Zorx Electronics
Misha - Eventide

Misha - Eventide

by Jason Czyeryk

I would have loved to have been a fly on the wall in the Eventide board meeting when Misha, their generative Eurorack sequencer was first brought up. Having dealt with mainly effects units, nothing in the company’s illustrious history would have suggested that they would ever produce something like this.
Inspired by, and based on, Leon Gruenbaum’s Samchillian Tip Tip Tip Cheeepeeeee (most call it Samchillian for short), a MIDI interface that uses a spread-out split PC computer keyboard, like a modern day digital accordion (sans the squeezing) and implementing Austrian Josef Matthias Hauer’s tone row technique (yes, Arnold Schoenberg is mostly credited with developing this system, but according to extensive and exhaustive research [exhaustive because I was tired when I looked it up] Hauer developed this technique a little before Schoenberg) where the notes of a scale are fixed in a certain order and each note of the scale is used only once before the tone row (either user definable, or not) is repeated, Misha is indeed a unique sequencer.
While the Samchillian also uses the tone row technique, Gruenbaum's is a bit of a home brew affair, and this is where Misha takes the baton and runs with it, because Misha is streamlined and mainstream-ish; anything but a DIY type of affair. I watched a few videos of Gruenbaum performing with the Samchillian as I always find it interesting to see inventors playing their own instruments, and it clearly shows the mastery he has over his controller, though it’s hard to imagine it being utilized by many, the same way Misha probably will and/or can be. Misha is a special sequencer and Gruenbaum’s layout and playing approach and Hauer’s melodic design translate perfectly, and to modular synthesis as well.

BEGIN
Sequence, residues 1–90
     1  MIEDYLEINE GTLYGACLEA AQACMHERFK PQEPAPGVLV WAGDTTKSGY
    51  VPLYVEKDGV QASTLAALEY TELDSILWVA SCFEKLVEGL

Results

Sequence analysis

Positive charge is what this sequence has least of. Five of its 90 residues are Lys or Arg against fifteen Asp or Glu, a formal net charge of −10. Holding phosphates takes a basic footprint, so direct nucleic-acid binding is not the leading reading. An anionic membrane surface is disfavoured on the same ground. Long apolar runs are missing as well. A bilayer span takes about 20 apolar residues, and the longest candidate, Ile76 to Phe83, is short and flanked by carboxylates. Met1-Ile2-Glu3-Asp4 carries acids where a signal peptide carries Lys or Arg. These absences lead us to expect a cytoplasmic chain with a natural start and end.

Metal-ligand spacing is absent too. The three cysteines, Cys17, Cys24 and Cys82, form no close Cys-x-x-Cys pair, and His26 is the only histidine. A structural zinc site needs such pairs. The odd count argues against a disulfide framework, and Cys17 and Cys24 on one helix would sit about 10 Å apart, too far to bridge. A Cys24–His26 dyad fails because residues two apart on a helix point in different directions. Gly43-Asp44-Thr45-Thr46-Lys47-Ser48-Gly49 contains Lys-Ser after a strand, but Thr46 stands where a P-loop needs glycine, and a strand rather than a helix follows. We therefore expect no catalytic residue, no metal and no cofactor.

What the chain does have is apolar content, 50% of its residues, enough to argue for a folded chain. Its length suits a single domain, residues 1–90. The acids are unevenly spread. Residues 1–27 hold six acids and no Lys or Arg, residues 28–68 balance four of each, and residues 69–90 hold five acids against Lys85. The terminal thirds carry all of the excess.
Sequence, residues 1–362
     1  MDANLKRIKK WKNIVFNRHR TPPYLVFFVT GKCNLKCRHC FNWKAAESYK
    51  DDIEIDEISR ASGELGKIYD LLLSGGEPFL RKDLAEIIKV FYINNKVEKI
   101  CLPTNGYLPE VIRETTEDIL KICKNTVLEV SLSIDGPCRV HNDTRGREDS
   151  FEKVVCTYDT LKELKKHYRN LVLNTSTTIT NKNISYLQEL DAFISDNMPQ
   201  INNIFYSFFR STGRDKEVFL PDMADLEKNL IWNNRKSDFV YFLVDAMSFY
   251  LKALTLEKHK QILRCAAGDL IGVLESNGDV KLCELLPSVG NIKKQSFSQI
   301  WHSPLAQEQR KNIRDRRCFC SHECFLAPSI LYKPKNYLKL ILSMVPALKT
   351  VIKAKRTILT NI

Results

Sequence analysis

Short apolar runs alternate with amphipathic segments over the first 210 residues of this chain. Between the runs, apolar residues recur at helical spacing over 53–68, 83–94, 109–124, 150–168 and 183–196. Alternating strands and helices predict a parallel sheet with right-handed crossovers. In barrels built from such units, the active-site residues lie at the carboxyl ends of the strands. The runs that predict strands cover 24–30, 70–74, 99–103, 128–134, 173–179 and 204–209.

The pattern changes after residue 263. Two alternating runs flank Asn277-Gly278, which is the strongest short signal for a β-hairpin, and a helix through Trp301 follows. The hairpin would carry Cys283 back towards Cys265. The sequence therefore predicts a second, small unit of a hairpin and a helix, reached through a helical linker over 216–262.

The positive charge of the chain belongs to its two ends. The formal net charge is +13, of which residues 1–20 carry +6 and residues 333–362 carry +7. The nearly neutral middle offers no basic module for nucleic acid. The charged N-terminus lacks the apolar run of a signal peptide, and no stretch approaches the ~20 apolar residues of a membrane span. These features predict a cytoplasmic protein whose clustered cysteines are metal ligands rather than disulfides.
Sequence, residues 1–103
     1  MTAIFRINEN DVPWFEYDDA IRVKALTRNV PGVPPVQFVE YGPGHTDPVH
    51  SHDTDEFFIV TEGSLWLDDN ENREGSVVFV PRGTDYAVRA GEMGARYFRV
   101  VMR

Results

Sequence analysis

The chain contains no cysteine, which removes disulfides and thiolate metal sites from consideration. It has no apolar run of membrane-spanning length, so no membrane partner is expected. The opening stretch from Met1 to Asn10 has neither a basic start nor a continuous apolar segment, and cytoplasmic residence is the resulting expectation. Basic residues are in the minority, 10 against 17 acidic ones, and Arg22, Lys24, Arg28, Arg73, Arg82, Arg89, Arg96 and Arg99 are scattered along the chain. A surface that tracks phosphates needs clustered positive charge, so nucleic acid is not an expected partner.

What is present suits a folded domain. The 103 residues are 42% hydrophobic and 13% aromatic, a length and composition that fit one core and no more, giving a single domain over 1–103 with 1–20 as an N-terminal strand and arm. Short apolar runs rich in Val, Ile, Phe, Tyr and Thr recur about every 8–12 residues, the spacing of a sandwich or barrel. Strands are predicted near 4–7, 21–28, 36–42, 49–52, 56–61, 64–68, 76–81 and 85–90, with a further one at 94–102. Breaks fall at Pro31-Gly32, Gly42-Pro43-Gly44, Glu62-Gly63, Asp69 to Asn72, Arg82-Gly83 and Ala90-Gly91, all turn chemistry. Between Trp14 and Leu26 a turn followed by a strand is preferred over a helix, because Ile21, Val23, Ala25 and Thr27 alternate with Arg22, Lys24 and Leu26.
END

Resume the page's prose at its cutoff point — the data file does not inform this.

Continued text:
Being a CV/MIDI controller, Misha makes no sound of its own other than a basic tone at its audio output, so like the Samchillian it’s how it controls melodies that sets it apart from other CV/MIDI controlling devices. Really, any sort of controller could work in implementing this interval-based generative tone row approach, and while Misha takes a bit of inspiration from the Samchillian with its split symmetrical layout, and does offer the opportunity to sport a QWERTY USB keyboard to control it with—a nice homage to the Samchillian—it’s much more playable and economically sized—a necessity if it’s going to be housed in a Eurorack setup.
Misha’s layout—nine numbered light up push buttons [-4 to +4 with a 0 center point] that form a “V” under a multi-color LCD screen—sounds the alarm that traditional keyboard playing will not be happening here. Each of the push buttons represents movement from the note that’s currently being played. For example, pressing +1 moves the current note one forward, +3 moves the current note three notes forward, -2 moves the note two notes backward, and 0 means the same note is played; no melodic movement. Granted, the notes played are dependent on what scale is selected (Misha comes with plenty of pre-loaded scales, and you can save and load others as well, with 200 slots available), but it’s a pretty intuitive melodic approach to grasp, if not one that’s immediately easy to master.
There are a couple of pushbutton encoders [Key and Scale] that flank both sides of the screen, and this is where the menu diving starts, though you can circumvent the need for going to the main menu by using two Shift buttons found at the bottom of Misha that will scroll through and display the more commonly used functions and parameters. Tempo, scale, key, octave, global stuff…all of the things you’d expect to find in a sequencer are user configurable, and the screen itself is nicely sized and easily legible. Menu selection isn’t too painful and is more for setup type stuff, and for the most part maneuvering through it is easy and sensible.
There is a Record/Stop button, Play/Pause, four User buttons for user-defined functions that amount to programmable shortcuts, the previously mentioned two Shift buttons [Up and Down] at each lower corner for quickly moving through screens, and an Undo button. At the top of the module are MIDI In and Out, a mini USB input for firmware updates and to control Misha with an external device, and three identical channels [X,Y, and Z] each containing CV In with a user configurable input range, CV Out, and T/G [Trigger/Gate] In and Out. There is also a main Clock In, Audio Out, and a MicroSD slot to save and recall presets and store other information. Misha can use MIDI, CV, or its internal waveform (the only sound it makes by itself, mostly used as a reference) to make sound. I primarily used it in my rack with CV.